The Salutation at Ham. A pub in Gloucestershire:

(#4) The Sally – a genuine rural free-house [one not tied to a specific brewery] in the village of Ham, close to the Severn Estuary [and the river Avon, in particular]

The Severn Estuary. A map centered on Hay, but taking in Ham in Gloucestershire (not labeled on the map) as well:


On the estuary, from Wikipedia:

The Severn Estuary (Welsh: Môr Hafren) is the estuary of the River Severn, the longest river in Great Britain. It is at the mouth of four major rivers, being the Severn, Wye, Usk and Avon, and other smaller rivers.

The ham on rye sandwich. An American specialty, almost always involving cheese (classically, Swiss cheese, so technically a ham and Swiss on rye), plus mayonnaise, on slices of rye bread; pickle slices, lettuce, and tomato slices are often parts of the package:

(#5) Ham on rye, with lettuce and tomato

(#6) Grilled version of ham on rye, with pickle

Many sites stipulate that the rye bread should be Jewish rye, which is odd, because the ham makes the sandwich flatly non-kosher, and the cheese doubly so (though the mayo is ok). So the Genius Kitchen site provides a recipe for a “Ham on Rye Deli-Style Sandwich” that calls for these specific ingredients:

deli smoked ham, American cheese [so it’s really truly American], Jewish rye bread, Kraft mayonnaise, lettuce, tomato slice (optional), deli sliced smoked turkey (optional)

So now I’m imagining the quaint village of Ham-on-Wye, with its quaint pub the Pig and Whistle (a free house, of course), and its sister city in Yorkshire, Ham-on-Rye, locally and proudly known as the Pork Butcher to the North. From Wikipedia:

The River Rye is a river in the English county of North Yorkshire. It rises just south of the Cleveland Hills, east of Osmotherley, and flows through Hawnby, Rievaulx, Helmsley, Nunnington, West and East Ness, Butterwick, Brawby, and Ryton, before joining the River Derwent … near Malton.

Back on the river Wye, there’s the market town of Ham-and-Swiss, famous for its Helvetian cheese factory; and its bustling gay suburb Ham-and-Swish, home of the Spitroasted Hams F.C. in the Premier League, traditional rivals of the Tottenham Hotspurs. No place has football fans like the Ham-and-Swish-on-Wye fans.

But enough of the meaty (and often cheesy) fluvial UK. Meanwhile, back in America we have

Charles Bukowski’s Ham on Rye. From Wikipedia:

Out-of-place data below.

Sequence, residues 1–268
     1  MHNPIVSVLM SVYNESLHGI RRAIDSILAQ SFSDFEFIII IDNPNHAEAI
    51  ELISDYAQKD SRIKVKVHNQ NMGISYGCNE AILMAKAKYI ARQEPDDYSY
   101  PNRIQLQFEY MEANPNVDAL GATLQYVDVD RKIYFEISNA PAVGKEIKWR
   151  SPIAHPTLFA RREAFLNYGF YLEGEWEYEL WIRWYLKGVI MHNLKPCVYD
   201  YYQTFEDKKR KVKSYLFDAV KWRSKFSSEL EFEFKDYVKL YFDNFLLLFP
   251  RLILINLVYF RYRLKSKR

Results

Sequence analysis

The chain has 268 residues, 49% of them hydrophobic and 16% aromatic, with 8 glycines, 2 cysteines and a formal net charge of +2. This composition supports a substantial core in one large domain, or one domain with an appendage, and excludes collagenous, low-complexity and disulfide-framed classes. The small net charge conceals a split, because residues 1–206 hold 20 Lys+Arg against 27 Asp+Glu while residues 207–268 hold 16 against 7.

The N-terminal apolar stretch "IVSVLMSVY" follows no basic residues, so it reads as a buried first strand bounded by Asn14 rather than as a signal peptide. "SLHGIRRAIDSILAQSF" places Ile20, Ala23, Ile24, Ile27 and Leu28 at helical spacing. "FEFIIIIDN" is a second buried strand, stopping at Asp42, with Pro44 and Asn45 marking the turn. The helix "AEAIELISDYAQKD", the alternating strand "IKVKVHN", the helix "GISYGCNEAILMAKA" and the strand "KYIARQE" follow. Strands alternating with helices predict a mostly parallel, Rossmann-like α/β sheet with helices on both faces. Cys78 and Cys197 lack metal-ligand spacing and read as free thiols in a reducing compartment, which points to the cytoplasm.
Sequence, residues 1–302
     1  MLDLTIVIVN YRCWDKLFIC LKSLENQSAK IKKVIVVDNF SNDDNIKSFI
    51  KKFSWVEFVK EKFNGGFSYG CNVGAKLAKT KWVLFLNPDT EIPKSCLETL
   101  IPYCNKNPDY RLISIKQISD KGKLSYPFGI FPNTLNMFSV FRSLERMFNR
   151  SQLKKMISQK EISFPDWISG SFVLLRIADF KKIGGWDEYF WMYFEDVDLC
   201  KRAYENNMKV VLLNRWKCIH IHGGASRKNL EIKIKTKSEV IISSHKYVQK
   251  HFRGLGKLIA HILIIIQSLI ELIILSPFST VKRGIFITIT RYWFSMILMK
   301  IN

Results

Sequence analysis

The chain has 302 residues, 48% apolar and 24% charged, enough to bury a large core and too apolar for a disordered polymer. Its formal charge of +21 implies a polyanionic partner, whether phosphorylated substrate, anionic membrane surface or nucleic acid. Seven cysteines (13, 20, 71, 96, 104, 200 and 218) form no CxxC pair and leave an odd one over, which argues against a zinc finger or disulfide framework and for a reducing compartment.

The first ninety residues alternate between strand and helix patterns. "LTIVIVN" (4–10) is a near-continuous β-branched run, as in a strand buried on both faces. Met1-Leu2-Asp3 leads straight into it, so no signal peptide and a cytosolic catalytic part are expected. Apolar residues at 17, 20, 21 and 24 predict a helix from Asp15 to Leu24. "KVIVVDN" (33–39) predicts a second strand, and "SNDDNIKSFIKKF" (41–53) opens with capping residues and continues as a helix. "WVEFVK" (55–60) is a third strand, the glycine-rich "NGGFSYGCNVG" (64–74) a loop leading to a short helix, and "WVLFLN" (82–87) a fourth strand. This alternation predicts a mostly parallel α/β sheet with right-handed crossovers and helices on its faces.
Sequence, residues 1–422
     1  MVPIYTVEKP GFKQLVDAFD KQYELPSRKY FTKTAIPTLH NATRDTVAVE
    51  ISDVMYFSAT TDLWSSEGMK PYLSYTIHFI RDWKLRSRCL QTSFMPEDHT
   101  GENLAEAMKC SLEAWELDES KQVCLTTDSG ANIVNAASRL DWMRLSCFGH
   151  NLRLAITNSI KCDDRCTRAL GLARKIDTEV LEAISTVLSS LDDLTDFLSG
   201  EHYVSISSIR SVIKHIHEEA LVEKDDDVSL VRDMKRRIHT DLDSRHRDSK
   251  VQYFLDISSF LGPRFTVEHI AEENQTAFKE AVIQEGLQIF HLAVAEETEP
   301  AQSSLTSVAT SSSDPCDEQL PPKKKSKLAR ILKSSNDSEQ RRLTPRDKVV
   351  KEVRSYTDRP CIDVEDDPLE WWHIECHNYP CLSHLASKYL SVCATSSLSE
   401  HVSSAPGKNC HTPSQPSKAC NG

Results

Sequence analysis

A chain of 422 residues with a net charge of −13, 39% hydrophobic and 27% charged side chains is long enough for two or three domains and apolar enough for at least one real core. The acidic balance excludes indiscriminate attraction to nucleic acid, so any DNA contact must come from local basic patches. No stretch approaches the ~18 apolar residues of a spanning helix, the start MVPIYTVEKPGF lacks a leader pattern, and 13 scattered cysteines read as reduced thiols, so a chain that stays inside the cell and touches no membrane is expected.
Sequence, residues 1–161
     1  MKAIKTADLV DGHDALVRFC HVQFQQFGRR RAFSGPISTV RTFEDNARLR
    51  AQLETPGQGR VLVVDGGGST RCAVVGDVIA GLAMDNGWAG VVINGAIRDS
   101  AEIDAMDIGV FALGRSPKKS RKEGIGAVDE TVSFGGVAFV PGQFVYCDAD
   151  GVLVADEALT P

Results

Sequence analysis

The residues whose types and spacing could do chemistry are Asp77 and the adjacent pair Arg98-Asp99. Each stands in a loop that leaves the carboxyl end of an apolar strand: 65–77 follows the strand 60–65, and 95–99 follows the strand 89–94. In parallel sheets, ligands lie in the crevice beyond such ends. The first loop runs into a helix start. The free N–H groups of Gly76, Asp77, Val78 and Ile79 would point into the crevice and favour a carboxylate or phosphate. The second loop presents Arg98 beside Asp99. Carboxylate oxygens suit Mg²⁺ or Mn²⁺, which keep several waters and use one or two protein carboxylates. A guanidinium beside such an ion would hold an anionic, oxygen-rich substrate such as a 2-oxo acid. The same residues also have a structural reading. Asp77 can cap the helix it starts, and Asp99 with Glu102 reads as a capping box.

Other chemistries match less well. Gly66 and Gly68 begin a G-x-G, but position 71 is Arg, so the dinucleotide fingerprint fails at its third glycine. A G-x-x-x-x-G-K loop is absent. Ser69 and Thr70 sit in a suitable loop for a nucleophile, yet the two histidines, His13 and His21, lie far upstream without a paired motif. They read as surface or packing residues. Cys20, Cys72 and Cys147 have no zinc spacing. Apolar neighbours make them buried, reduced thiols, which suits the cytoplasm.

(#7) Covers for the Bukowski novel

Ham on Rye is a 1982 semi-autobiographical novel by American author and poet Charles Bukowski [1920-1994]. Written in the first person, the novel follows Henry Chinaski, Bukowski’s thinly veiled alter ego, during his early years. Written in Bukowski’s characteristically straightforward prose, the novel tells of his coming-of-age in Los Angeles during the Great Depression.

The title may be a play on J. D. Salinger’s 1951 book The Catcher in the Rye, which is one of the most notable coming-of-age novels about American males. Both Bukowski and Salinger were first published professionally in the 1940s in the literary magazine Story, edited by Whit Burnett. However, Bukowski’s admiration of John Fante also suggests that a phrase in Fante’s Ask the Dust, “liverwurst on rye,” may have inspired the title “Ham on Rye.” A third possibility is that the title is a dig at the New York literary critics who generally disdained Bukowski’s work, dismissing him as the equivalent of a ham actor with an overwrought, amateurish style. Thus, Bukowski may be appropriating the insult and boldly declaring himself a ham writer fueled by rye whiskey [Bukowski was famous for his drinking]. Still another possible interpretation is that Hank perceived himself as being sandwiched, or trapped, between his highly dysfunctional parents during his formative years.

One Response to “This week’s terrible literary food pun”

  1. Robert Coren Says:

    And let’s not forget that when Lewis Carroll’s White King ran out of ham sandwiches, he switched to hay as a not-entirely-adequate substitute.